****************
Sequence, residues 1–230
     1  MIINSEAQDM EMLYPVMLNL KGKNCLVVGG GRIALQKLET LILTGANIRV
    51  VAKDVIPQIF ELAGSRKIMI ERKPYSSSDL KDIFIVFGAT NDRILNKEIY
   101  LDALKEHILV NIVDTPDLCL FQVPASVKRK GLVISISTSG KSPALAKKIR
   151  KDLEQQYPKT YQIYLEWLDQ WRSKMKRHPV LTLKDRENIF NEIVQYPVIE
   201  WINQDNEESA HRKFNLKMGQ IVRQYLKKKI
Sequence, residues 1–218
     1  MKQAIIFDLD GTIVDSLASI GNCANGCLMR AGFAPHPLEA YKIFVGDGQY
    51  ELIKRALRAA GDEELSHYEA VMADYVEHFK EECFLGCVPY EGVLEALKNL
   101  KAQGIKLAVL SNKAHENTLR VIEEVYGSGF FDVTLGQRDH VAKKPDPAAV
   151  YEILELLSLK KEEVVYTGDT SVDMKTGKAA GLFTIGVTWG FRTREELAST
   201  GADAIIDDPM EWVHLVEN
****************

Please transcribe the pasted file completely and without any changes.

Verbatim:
Sequence, residues 1–230
     1  MIINSEAQDM EMLYPVMLNL KGKNCLVVGG GRIALQKLET LILTGANIRV
    51  VAKDVIPQIF ELAGSRKIMI ERKPYSSSDL KDIFIVFGAT NDRILNKEIY
   101  LDALKEHILV NIVDTPDLCL FQVPASVKRK GLVISISTSG KSPALAKKIR
   151  KDLEQQYPKT YQIYLEWLDQ WRSKMKRHPV LTLKDRENIF NEIVQYPVIE
   201  WINQDNEESA HRKFNLKMGQ IVRQYLKKKI
Sequence, residues 1–218
     1  MKQAIIFDLD GTIVDSLASI GNCANGCLMR AGFAPHPLEA YKIFVGDGQY
    51  ELIKRALRAA GDEELSHYEA VMADYVEHFK EECFLGCVPY EGVLEALKNL
   101  KAQGIKLAVL SNKAHENTLR VIEEVYGSGF FDVTLGQRDH VAKKPDPAAV
   151  YEILELLSLK KEEVVYTGDT SVDMKTGKAA GLFTIGVTWG FRTREELAST
   201  GADAIIDDPM EWVHLVEN